POSTED Wed. Feb 6, 2013


It's OK (sometimes) to leave the lights off
Adam Karlin
Written by ADAM KARLIN

The reaction most New Orleanians had to the lights going out in the Superbowl was this.

And I had kinda had a similar reaction. My facebook status was: “Blackout in Superdome. Welcome to New Orleans, America.” (my favorite social media reaction of the night: PEOPLE OF GOTHAM).

But there are folks out there screaming bloody murder. Calling the blackout an embarrassment. Saying that if New Orleans wants to host national events, we need to adhere to national standards. And to a degree, maybe that’s true, although if the Superbowl left town, that just means more time to Mardi Gras, a celebration we definitely do better than anyone.

(By the way America, you know we canceled a whole weekend of Mardi Gras to host you for the Superbowl? That’s how much we love you. We don’t postpone Mardi Gras lightly).

Anyways, among locals, most seem to take the blackout in stride. ‘You know, that’s how New Orleans do’ was the basic consensus. We roll with the punches here, take a little inconvenience, shrug our collective shoulders, have a collective drink and get on with doing our collective thing. You don’t know how many times I’ve come to an intersection in this town where the traffic lights are out. People just treat these little blackouts like a four-way stop. It comes natural to you when you’ve lived here for awhile. But if there were an intersection blackout in my old city of Washington DC? There’d have been a riot.

I love this about New Orleans. It’s hard to say exactly why. The little inconveniences are a sort of reminder that we don’t live in a city that is as obsessed with getting every little detail right, as obsessed with achieving 110% efficiency, as the rest of America. Because that automaton level of efficiency is, well, a little soulless. A little too clean. I think that’s why the inconveniences here also often come with flashes of human connection you’re often otherwise denied in the rest of America.

Does it take me a long time to check out at Petco when I’m buying pet food? Yeah, but that’s partly because the guy at the counter just told me a 15 minute story about his beloved pet tarantula. Am I in a rush to get somewhere and someone is stopped on the one-way narrow road in front of me to talk to their auntie who lives on the block? Yeah, but I can reverse out, and whatever. That guy is getting some family time. Everyone will be late to the thing I got to get to anyways.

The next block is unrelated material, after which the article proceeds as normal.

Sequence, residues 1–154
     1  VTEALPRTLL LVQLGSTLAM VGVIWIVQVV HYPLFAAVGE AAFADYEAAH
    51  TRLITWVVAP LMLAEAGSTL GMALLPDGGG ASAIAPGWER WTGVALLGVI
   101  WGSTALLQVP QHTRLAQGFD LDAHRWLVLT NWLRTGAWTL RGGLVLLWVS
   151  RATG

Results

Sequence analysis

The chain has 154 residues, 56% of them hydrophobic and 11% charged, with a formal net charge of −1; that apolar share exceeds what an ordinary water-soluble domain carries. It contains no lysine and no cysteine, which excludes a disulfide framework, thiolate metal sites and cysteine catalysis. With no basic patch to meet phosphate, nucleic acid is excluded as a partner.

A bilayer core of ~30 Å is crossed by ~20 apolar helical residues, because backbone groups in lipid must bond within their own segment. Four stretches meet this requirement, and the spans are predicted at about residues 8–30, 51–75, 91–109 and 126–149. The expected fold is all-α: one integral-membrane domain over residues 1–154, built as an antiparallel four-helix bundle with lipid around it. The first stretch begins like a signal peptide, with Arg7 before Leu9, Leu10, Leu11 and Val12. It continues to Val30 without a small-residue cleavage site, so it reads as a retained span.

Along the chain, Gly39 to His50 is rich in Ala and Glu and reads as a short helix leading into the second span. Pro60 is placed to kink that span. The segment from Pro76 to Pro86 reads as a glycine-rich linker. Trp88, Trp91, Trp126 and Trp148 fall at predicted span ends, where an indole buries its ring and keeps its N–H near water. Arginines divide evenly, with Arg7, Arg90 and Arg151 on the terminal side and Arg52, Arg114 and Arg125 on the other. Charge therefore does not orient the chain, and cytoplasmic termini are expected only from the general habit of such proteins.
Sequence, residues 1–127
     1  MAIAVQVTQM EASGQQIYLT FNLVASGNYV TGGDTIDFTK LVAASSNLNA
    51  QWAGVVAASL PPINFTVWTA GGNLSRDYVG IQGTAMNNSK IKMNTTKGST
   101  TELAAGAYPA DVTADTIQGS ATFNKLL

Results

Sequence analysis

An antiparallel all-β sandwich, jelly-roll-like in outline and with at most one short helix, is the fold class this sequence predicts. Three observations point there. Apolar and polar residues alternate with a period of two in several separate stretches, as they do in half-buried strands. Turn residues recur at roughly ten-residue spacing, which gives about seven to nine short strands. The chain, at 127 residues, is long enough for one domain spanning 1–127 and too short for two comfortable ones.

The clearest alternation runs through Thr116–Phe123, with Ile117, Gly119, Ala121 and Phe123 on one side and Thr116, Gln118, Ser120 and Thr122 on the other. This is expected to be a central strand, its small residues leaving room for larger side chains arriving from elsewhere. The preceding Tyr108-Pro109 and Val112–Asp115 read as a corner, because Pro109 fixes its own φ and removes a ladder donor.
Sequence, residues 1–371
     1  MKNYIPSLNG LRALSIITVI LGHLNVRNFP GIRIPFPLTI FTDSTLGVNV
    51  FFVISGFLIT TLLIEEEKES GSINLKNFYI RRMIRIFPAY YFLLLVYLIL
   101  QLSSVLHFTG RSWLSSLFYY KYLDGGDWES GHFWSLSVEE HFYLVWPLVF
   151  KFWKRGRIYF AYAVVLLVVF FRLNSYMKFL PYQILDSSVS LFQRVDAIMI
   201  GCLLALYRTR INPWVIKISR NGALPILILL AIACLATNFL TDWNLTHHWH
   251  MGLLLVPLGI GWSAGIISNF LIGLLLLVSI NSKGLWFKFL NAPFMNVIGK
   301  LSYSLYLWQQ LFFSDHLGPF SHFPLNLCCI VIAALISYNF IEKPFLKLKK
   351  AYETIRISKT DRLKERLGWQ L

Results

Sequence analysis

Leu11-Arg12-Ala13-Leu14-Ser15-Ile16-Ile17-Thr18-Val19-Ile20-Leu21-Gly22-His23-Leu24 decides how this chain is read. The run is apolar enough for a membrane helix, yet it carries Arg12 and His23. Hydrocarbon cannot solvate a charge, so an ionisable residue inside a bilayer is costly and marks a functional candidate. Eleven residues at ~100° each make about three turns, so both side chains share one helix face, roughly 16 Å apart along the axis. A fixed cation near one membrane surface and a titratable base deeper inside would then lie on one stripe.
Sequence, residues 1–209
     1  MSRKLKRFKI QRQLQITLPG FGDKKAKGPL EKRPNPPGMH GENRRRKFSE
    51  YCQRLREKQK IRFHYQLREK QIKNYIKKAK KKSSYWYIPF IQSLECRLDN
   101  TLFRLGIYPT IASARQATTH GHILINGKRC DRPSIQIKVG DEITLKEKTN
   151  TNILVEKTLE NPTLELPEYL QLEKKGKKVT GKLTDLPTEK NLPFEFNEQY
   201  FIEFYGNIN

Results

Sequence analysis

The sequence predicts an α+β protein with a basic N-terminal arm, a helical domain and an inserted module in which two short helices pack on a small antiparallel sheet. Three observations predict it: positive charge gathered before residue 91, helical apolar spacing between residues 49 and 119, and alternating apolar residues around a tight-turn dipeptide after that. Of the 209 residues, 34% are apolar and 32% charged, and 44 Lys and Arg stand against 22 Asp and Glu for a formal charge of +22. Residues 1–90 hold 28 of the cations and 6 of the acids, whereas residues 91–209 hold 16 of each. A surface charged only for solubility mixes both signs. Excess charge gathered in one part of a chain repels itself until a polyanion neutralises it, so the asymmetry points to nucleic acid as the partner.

One of the more fascinating conversations I’ve had in this town was with Jonah Evans; we bandied about the question: What’s the right level of inconvenience in New Orleans? Where does it shift from ‘charmingly incompetent’ to ‘dangerously different.’

Well, for one: education, security and governance should be efficient. We should not have to worry about our children’s performance in schools. We should feel comfortable walking home. We should trust our elected officials to do what’s right with our tax dollars. These are no-compromise things for me. If having all of the above – safety, clean governance and great schools – made New Orleans a little more bland, than so be it. I can add hot sauce to the red beans; I don’t need walking home at night to get spicy.

That’s it for me, really. Get the above right. Get those basics, and let New Orleans operate as she does. Get all of that right, and a 30-minute Superdome blackout will feel as insignificant as it truly is.

POSTED Nov 27, 2018


Ready for Reveillon

Ready for Reveillon

Just like caroling on Jackson Square, the St. Louis Cathedral concerts, or bonfires on the levee, Reveillon dinners are a beloved Crescent City holiday tradition. This year a…....

POSTED Feb 28, 2018


Off To The (Wiener) Races...

Off To The (Wiener) Races...

We often stress on this site the unique nature of New Orleans. The one of a kind confluence of cultures, ethnic groups, immigration patterns and geographic conditions that…....

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POSTED Nov 30, 2017




Almost any identifiably New Orleans menu item has a corresponding festival, but up until recently, one of the city’s most iconic culinary treats was left without its own…....

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Pre (and Post)-Turkey Day Times: Some November New Orleans Events

Pre (and Post)-Turkey Day Times: Some November New Orleans Events

Here are a few Thanksgiving you can enjoy in New Orleans. Beyond the below, don’t forget that on Nov 26 (the Sunday after Thanksgiving), some of the city’s…....

Written by NEW ORLEANS & ME

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